A Bush Cabinet Quiz

Can you tell one seat-warmer from another?

Illustration by Robert Neubecker. Click image to expand.

It’s October 2007. Do you know who your president’s Cabinet is?

Probably not, but it’s not your fault. A little more than four years ago, I pointed out that, excepting the secretaries of defense, state, and treasury—I should have added attorney general to this caveat—President Bush’s Cabinet seemed a weirdly anonymous bunch. “As presidencies near their end,” I explained, “it’s not uncommon for dynamic Cabinet secretaries to be replaced by bland seat-warmers.” But this presidency (alas) wasn’t nearing its end.

Nearly half [Bush’s] current term remains, and there’s a fair chance he’ll be granted a second one. Moreover, with the sole exception of Treasury Secretary John Snow, every member of the current Bush Cabinet has been present since the start of Bush’s presidency. This is the Original Broadway Cast, not some touring company.

To underscore this point, then-Slate intern Avi Zenilman (now a college graduate with a real job) stood outside the Commerce Department for an hour and asked passers-by who the commerce secretary was. Out of 38 people queried, only seven knew it was Don Evans, and six of these seven were Commerce Department employees. In Washington, where even hot-dog vendors listen faithfully to All Things Considered, this is very unusual.

Two factors render most Bush Cabinet secretaries eligible for What’s My Line?

1) Bush has put forth almost no domestic policies. There was the No Child Left Behind education law, and there were restrictions on stem cell research, and there were busted plays on immigration reform and privatizing Social Security. Oh, and there was ghastly mismanagement of the Hurricane Katrina disaster in New Orleans, though I’m not sure you can term disastrous incompetence resulting from years of accumulated indifference a “policy.”2) What little domestic policy there’s been has come from the hip pocket of Bush’s political adviser Karl Rove. For much of Bush’s first term, even trained professionals like Dana Milbank of the Washington Post and yours truly were unable to properly identify the director of the Domestic Policy Council. It turned out there wasn’t any. (Today it’s Karl Zinsmeister, who is probably better known as the former editor of the American Enterprise, the onetime house organ of the conservative American Enterprise Institute, than as a White House aide.) With Rove gone, Bush no longer bothers even to feign interest in domestic policy.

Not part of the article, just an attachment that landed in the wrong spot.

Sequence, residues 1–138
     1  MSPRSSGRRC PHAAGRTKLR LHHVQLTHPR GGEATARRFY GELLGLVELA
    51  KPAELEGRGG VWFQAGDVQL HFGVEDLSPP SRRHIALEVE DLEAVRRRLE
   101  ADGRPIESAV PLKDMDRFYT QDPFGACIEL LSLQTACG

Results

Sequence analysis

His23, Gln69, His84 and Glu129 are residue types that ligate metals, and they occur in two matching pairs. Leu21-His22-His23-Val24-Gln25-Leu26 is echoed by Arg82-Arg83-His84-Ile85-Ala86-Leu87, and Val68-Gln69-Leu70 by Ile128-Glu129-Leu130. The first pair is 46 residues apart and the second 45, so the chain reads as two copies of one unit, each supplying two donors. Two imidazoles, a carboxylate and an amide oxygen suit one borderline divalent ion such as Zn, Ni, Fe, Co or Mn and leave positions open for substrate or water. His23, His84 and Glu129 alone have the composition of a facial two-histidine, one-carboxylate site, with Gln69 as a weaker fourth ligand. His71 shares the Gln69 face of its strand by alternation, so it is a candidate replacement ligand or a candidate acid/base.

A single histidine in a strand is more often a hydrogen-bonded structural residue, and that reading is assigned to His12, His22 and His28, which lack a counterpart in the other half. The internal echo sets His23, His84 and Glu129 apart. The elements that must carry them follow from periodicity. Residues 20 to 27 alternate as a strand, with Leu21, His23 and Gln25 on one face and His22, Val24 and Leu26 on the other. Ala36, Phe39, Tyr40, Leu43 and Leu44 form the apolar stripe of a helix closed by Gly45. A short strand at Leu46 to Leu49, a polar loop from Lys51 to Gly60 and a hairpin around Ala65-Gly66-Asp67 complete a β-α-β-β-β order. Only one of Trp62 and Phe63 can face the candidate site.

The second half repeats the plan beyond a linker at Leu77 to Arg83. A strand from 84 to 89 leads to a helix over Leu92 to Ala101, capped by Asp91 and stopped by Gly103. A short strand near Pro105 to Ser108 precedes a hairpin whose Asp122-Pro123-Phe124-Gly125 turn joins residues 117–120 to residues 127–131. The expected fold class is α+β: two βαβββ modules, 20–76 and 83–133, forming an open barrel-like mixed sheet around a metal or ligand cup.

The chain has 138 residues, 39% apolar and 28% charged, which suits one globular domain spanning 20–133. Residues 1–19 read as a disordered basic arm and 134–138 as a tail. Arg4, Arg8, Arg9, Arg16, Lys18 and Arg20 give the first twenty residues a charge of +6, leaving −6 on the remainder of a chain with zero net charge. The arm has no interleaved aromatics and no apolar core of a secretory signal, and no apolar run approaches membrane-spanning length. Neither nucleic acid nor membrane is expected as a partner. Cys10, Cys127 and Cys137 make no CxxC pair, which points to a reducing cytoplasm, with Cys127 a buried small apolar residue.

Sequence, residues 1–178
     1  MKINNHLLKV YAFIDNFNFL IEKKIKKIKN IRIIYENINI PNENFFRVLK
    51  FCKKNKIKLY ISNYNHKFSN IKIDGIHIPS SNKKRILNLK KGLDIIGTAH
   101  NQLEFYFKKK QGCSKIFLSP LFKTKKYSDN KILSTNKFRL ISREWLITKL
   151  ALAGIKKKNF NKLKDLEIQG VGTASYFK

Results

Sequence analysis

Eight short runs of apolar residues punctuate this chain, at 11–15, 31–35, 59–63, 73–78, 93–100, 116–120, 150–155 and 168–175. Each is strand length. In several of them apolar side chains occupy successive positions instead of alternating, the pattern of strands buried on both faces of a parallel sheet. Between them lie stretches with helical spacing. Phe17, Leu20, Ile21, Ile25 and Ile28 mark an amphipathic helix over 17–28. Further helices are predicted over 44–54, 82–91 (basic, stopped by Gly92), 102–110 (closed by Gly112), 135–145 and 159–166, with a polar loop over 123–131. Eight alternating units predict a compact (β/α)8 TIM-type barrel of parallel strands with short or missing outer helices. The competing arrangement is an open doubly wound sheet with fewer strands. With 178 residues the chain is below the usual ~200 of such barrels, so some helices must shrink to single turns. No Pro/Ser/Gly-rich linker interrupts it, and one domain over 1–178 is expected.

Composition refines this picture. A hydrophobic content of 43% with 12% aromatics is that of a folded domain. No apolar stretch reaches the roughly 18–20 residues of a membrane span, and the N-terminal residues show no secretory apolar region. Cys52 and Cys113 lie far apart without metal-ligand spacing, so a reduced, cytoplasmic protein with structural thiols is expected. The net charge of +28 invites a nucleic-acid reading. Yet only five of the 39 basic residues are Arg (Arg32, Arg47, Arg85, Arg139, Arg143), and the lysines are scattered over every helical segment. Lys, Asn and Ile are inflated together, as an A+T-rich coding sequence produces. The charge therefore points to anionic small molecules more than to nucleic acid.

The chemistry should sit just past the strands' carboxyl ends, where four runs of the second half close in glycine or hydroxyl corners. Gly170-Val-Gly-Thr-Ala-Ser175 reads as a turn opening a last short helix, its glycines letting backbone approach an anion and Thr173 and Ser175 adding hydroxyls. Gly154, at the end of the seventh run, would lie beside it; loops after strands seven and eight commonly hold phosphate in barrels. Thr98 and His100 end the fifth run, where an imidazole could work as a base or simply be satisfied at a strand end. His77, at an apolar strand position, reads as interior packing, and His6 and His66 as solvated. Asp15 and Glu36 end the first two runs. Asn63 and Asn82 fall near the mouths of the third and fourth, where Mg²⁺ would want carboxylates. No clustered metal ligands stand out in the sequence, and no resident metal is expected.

Add to these two factors Bush’s current lame-duck status—nearly seven-eighths of his presidency gone—and the makeup of Bush’s Cabinet might as well be classified information. This is the non-Equity road company, Absolute Final Appearance in Duluth!, and I doubt even Tim Russert can identify most of Bush’s seat-warmers. Want to give it a whirl?

We’ll breeze past the exceptions to the rule—Secretary of State Condoleezza Rice, Secretary of Defense Robert Gates, Treasury Secretary Henry Paulson, and the likely to-be-confirmed nominee for attorney general, Michael Mukasey. Expect no congratulations for being familiar with these people. If you hadn’t been, it’s doubtful you’d have read this column in the first place.

If, on the other hand, you can identify the one remaining member of Bush’s original Cabinet who’s still there, pat yourself on the back. (The answer is upside down below.)

The real challenge, though, is matching the following names and faces to their Cabinet posts. Best of luck; you’ll need it.

A Bush Cabinet Quiz.

If you got five or more right, pat yourself on the back. If you got seven or more right, you’re remarkably well-informed. If you got nine or more right, the only possible explanation is that you’re a lobbyist.

Correction, Oct. 3, 2007:An earlier version of this column stated, erroneously, that the agriculture secretary is Mike Johanns. On Sept. 20, Johanns vacated that post in order to run for the Senate seat of Chuck Hagel, R-Neb. The error’s source was the official White House Web page on Bush’s Cabinet, which at this writing continues to list Johanns as agriculture secretary. An earlier version of this column also stated, erroneously, that the veterans affairs secretary is Jim Nicholson. He vacated that post on Oct. 1. As with the previous error, the source was the official White House Web page on Bush’s Cabinet, which at this writing continues to list Nicholson as veterans affairs secretary. At slight risk of seeming insufficiently contrite about these two errors, the author wonders aloud whether the White House Web master’s inattention to these personnel changes might underscore his column’s larger point. Also, an earlier version of this column misspelled Gutierrez’s name as “Guttierez.” This can’t be blamed on the White House Web page, which spells Gutierrez’s name correctly.

[Update, Oct. 6, 2007: Three days after I pointed out to the great mass of Slate readers that the official White House Web page on Bush’s Cabinet  identifies two cabinet secretaries incorrectly, the White House site remains uncorrected. Is the problem that they don’t know, or that we’re so far into the second term that they no longer care?]

[Update, Oct. 10, 2007: Okay, now the White House has fixed the problem I mentioned but created a new one. Johanns and Nicholson are finally gone from the official White House Web page on Bush’s Cabinet, replaced by acting secretaries Chuck Conner and Gordon Mansfield. But now Alberto Gonzales is identified as attorney general! I could have sworn that last time I looked at this page Gonzales (whose last day was Sept. 14) had been removed and acting attorney general Peter D. Keisler  subbed in. Now Gonzales is back. I can only hope this change does not correspond to a Larry Craig-like reversal of Gonzales’ decision to resign ….]